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  1. hi sir,my question here is irrelevant but i dont know how to contact you,so i am asking here.just now i read hemant beniwal blog on term insurance and there i found lot of comments from’s almost two years old post.still you believe LIC is the best to take term insurance and you aversion to private insurance companies still continue? I am planning for a term insurance.your answer will be very helpful.if you can give your email id that will be great.Thank you

    1. This is a tricky issue. Personally I have a Amulya Jeevan from LIC. I got this when Aegon Religare was the only player. I did think about switching recently but gave it up. Personally I am not very comfortable with the online insurance model. I think the low premium is not just due to zero agent commission. I think the premium fixing model itself is different.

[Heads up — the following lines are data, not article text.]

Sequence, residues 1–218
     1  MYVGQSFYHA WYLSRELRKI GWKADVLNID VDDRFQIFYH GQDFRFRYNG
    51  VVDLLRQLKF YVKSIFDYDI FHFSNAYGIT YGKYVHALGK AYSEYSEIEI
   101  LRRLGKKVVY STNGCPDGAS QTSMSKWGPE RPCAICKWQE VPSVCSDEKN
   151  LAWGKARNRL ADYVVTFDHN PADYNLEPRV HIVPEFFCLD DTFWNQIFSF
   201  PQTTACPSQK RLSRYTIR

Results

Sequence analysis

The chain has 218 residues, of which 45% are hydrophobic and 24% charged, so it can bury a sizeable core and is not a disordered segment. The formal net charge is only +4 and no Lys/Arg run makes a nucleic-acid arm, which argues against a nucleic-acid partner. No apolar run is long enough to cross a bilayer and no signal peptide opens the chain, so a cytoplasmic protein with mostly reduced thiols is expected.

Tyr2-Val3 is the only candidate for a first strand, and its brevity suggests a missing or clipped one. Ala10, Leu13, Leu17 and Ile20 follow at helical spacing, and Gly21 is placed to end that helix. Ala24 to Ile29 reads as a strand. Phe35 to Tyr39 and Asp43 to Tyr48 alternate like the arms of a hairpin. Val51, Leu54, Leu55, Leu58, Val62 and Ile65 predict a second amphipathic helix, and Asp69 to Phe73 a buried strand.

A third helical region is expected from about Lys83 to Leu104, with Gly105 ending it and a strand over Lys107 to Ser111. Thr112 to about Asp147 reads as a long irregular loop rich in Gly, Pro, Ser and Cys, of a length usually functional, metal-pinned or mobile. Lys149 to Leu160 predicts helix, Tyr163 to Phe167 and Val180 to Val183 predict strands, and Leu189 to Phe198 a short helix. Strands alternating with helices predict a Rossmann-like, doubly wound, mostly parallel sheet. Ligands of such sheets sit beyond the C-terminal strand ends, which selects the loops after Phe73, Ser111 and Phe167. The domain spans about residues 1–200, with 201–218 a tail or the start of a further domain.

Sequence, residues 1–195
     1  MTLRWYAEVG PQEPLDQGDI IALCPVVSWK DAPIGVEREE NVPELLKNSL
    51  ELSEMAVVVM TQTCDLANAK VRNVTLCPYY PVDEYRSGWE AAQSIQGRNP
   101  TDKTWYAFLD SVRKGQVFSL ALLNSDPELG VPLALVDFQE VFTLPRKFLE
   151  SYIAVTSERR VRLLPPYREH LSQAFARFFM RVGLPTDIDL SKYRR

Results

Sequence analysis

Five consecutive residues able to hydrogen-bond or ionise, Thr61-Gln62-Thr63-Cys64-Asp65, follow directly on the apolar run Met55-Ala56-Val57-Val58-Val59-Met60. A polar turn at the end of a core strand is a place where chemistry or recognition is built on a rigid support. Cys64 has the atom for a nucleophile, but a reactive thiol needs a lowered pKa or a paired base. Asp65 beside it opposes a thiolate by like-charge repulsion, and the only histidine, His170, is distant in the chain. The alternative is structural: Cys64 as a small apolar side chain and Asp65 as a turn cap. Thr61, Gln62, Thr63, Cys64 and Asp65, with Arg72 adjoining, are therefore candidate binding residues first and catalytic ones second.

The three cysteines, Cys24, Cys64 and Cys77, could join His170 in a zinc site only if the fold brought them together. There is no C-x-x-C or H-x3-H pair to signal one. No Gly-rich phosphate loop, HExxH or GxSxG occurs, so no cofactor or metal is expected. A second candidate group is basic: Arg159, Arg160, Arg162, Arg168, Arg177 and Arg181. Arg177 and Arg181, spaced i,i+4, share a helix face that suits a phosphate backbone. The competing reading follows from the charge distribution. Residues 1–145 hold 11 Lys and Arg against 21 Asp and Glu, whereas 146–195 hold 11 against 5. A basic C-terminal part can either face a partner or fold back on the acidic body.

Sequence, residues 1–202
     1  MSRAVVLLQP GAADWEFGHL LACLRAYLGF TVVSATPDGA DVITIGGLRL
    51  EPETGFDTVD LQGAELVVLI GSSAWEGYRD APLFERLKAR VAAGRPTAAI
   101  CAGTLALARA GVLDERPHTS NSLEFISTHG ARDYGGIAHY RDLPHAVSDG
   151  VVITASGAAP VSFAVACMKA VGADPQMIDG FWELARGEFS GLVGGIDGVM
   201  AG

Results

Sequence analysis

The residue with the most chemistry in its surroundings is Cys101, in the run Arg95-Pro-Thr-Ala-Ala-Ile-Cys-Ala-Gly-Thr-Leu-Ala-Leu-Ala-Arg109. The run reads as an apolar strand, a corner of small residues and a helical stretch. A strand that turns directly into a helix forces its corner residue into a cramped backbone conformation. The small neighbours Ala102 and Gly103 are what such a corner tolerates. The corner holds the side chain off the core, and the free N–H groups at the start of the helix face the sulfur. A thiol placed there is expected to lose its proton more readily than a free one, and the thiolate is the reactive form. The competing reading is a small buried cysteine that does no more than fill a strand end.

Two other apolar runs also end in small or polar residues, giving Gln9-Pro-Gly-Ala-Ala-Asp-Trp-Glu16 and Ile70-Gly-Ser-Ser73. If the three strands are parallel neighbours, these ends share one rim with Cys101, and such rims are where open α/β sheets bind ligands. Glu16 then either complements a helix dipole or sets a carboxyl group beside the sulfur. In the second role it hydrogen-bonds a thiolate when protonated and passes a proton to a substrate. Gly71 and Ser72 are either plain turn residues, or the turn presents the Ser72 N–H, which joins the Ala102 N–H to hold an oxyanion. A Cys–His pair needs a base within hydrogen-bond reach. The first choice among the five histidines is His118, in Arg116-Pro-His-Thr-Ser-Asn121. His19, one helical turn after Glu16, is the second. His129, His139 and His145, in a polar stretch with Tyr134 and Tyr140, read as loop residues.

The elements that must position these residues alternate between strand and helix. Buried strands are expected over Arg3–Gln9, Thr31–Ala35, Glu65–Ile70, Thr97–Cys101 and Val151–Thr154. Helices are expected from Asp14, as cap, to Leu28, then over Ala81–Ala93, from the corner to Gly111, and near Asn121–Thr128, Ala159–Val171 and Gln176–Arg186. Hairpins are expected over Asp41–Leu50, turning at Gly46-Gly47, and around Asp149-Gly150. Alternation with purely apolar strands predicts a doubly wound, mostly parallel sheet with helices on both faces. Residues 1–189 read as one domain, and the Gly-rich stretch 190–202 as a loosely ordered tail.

That said if you choose an private player who is about 10 years old and are honest while applying you should be fine. Don’t delay the process. Do it asap

      1. Thank you sir .as of now I have sbi shield term insurance plan with sum insurance of 10l with 5% increase each year .I took it two years I want to take term insurance for 50l.

  2. Hi Pattu,
    A query regarding loan prepayment.

    For 10.7% rate of interest and 20 year loan term, the PRINCIPAL payment schedule is approximately as follows :
    1st quarter – ~10 years [9 years 11 months]
    2nd quarter – ~5 years [shade under 5 years to be exact]
    3rd and 4th quarter – last 5 years.

    Do you think it makes more sense to prepay if we are in the 1st quarter of payment schedule?

    1. Interesting question! One worth making a calculator. I made a quick check (kindly verify). Consider the following:
      Loan amt: 30L, rate 10.7%.

      Case 1. At the end of 9 yrs and 11 months the balance is 22L. Amt of EMI paid is 36L. If I close out the loan by paying a lumpsum of 22L. I spend: around 58L (ignore penalty)

      Case 2. Instead of the above, I choose to prepay in small chunks: say 1 L per year. Then by doing this for 11 yrs (from loan start) I can close out the loan in 12 years (as opposed to 9 yrs and 11 months). Total EMI paid is 41L +11L (prepayment chunks) is 52L.